Defining Occurrence – When Policy Definitions Do Not Apply To All Coverages
September 24, 2020
Historically, a tenant who pays towards its landlord’s insurance premiums, pursuant to the terms of the lease, is generally considered a “co-insured” under the landlord’s policy. See Lumber Mutual Insurance Co. v. Zoltek Corp., 647 N.E.2d 395 (Mass. 1995). However, a Florida court recently reviewed a lease with such a provision and came to an opposite conclusion. Zurich American Insurance Company v. Puccini, LLC, 2019 WL 454222 (Fla. 3d DCA February 4, 2019).
In Zurich, the landlord and tenant entered into a fifteen-year lease, where in addition to rent, the tenant was required to pay seventy percent of the landlord’s operating expenses, which included the landlord’s insurance premiums. Zurich American Insurance Company, 2019 WL 454222, at * 4. After executing the lease, the property was destroyed by a fire, and a portion of the loss was covered by the landlord’s policy. The landlord’s carrier subsequently filed a subrogation action against the tenant.
Under the anti-subrogation rule, it is evident that an insurer cannot subrogate against its insured(s). Insurance Co. of North America v. Nezelek, 480 So.2d 1333 (Fla. 4th DCA 1985). However, in the landlord/tenant context, the question of who is an insured under the applicable policy may not always be clear. Courts throughout the country have adopted multiple approaches to analyze this issue.
One approach is derived from Sutton v. Jondahl, 532 P.2d 478 (Okla. Civ. App. 1975), and commonly referred to as the “Sutton Rule.” In short, under the Sutton Rule, a tenant is presumed to be a co-insured under the landlord’s policy, and therefore subrogation is unavailable. The Sutton Court reasoned, “[t]his principle is derived from a recognition of a relational reality, namely, that both landlord and tenant have an insurable interest in the rented premises—the former owns the fee and the latter has a possessory interest.” Id. at 482. Conversely, some courts follow the anti-Sutton approach, which provides a presumption in favor of subrogation. Both of these presumptions can only be overcome by an express agreement to the contrary.
Florida, however, like many jurisdictions, has steered away from any strict presumptions and instead has utilized a “case-by-case” approach. Under this approach, the Court examines the language of the lease between the parties to determine the parties’ intention as to who bears the risk of loss. See State Farm Florida Ins. Co. v. Loo, 27 So.3d 747 (Fla. 3d DCA 2010) (A case-by-case analysis does not consider a presumption in favor or against subrogation, instead, it takes a subject approach to determine which party agreed to bear the risk of loss.). Generally speaking, this approach is closely aligned with traditional contract interpretation and analysis.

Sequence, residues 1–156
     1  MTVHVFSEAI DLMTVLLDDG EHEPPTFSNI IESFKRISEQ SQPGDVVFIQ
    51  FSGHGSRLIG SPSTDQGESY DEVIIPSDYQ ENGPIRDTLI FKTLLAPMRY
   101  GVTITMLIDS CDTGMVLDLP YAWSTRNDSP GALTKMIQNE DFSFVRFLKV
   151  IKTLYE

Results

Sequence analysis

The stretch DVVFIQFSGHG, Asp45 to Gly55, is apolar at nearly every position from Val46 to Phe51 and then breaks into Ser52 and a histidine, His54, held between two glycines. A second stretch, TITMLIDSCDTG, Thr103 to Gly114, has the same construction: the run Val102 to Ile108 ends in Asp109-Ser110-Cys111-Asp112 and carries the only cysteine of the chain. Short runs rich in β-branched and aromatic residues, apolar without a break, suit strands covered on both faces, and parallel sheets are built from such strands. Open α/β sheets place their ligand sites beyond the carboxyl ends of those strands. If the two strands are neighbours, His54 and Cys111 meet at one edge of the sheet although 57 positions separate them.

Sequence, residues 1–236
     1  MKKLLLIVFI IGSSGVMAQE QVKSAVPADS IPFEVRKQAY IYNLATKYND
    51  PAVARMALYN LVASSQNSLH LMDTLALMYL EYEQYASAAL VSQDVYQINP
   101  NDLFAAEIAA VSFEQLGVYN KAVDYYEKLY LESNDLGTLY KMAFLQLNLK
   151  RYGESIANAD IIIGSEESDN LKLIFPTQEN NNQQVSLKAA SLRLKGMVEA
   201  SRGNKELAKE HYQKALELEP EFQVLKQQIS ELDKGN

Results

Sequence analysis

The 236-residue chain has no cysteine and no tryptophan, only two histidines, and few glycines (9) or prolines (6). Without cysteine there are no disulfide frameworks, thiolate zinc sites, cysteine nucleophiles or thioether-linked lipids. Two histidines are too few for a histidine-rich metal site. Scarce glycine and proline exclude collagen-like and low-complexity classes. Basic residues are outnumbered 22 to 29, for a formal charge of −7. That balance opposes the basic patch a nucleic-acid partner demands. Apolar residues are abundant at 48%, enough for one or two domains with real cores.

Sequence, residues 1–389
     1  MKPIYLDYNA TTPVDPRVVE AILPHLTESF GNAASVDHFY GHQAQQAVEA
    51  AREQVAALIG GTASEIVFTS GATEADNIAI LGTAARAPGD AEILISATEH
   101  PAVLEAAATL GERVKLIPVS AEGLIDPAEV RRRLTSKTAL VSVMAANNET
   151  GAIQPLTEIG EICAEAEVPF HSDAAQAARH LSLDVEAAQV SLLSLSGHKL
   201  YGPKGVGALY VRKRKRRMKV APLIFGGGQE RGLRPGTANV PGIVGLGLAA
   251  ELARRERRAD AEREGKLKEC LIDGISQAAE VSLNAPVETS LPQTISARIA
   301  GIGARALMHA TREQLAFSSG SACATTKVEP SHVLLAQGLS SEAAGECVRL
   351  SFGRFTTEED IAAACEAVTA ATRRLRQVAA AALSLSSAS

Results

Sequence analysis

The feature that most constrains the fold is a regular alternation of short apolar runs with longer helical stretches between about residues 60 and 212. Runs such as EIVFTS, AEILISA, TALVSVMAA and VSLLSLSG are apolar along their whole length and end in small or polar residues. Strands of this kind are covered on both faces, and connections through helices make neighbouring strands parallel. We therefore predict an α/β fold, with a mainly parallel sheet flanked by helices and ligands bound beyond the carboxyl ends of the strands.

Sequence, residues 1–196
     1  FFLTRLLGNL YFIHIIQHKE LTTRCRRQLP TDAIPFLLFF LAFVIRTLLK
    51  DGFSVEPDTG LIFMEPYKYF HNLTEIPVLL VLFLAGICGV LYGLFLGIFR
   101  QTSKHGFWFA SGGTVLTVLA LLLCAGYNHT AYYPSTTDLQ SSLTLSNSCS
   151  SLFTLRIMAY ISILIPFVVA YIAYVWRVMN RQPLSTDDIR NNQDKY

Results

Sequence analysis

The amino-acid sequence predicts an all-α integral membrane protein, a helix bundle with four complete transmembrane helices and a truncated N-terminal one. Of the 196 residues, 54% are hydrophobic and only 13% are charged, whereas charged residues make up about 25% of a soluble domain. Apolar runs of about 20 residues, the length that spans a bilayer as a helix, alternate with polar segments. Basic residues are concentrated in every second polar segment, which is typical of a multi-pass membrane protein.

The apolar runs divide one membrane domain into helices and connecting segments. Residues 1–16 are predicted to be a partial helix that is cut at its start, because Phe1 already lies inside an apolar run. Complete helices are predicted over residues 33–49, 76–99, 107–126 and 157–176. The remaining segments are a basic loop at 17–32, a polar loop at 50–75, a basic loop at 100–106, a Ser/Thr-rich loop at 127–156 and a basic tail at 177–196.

Under a “case-by-case” analysis, one particular lease provision that courts have emphasized where applicable is the requirement that the tenant procures insurance, or otherwise pay towards the landlord’s insurance premiums. Courts have previously viewed this provision as strong, if not conclusive, evidence of the parties’ intent to shift the risk of any loss to the landlord’s insurer, and include the tenant as a co-insured under the policy, which effectively bars subrogation. See U.S. Fire Ins. Co. v. Norlin Indus., Inc., 428 So.2d 325 (Fla. 1st DCA 1983) (lease provision required tenant to procure and maintain fire insurance coverage for the benefit of the tenant and landlord, therefore, subrogation was barred); Continental Ins. Co. v. Kennerson, 661 So.2d 325 (Fla 1st DCA 1995) (Tenant was required to pay towards landlord’s insurance premium in addition to rent, therefore tenant was co-insured); Underwriters of Lloyds of London v. Cape Publications, Inc., 63 So.3d 892 (Fla. 5th DCA 2011) (tenant’s rent included the pro-rated portion of the landlord’s premium, therefore, landlord and its insurer could not look to tenant for recovery.)
However, the Third District Court in Zurich determined that the particular requirement for the tenant to procure insurance was not dispositive. Instead, the Court took the analysis a step further and placed more weight on other provisions in the lease. For example, the lease provided that the “…Tenant shall be fully responsible for all repairs and damages if Premises are partially or totally destroyed by fire or any other casualty caused by Tenant or its agents.” Zurich American Insurance Company, 2019 WL 454222, at *3.
Notably, the Court also found that indemnity language in the lease indicated a clear intent by the parties to shift the risk of loss to the tenant, as opposed to the landlord’s insurer. Conversely, Florida courts who have examined leases in the past have failed to rely on indemnity language to overcome other provisions apparently evidencing the parties’ intent to shift the risk of loss to the landlord’s insurer. See U.S. Fire Ins. Co., 428 So.2d at 326 (Indemnity language did not defeat the intent of the parties to shift risk of loss to the landlord’s insurer); Underwriters of Lloyds of London, 63 So.3d at 896 (The requirement for the tenant to pay towards the landlord’s insurance premium controlled over general indemnity provision in lease, and, therefore, evidenced the parties’ intention for the landlord’s insurer to bear risk of loss.).
The Zurich decision seems to indicate a shift in an important area of subrogation law. Now, under Florida’s case-by-case approach, where subrogation may have previously been presumed to be excluded by the requirement for the tenant to pay towards the landlord’s insurance premiums, the Third District’s ruling indicates that insurers may be able to bring a subrogation claim, based on indemnity and/or other lease provisions. It is more important now than ever for insurers to consult with their counsel, and closely examine the lease language to determine the intent of the landlord and tenant.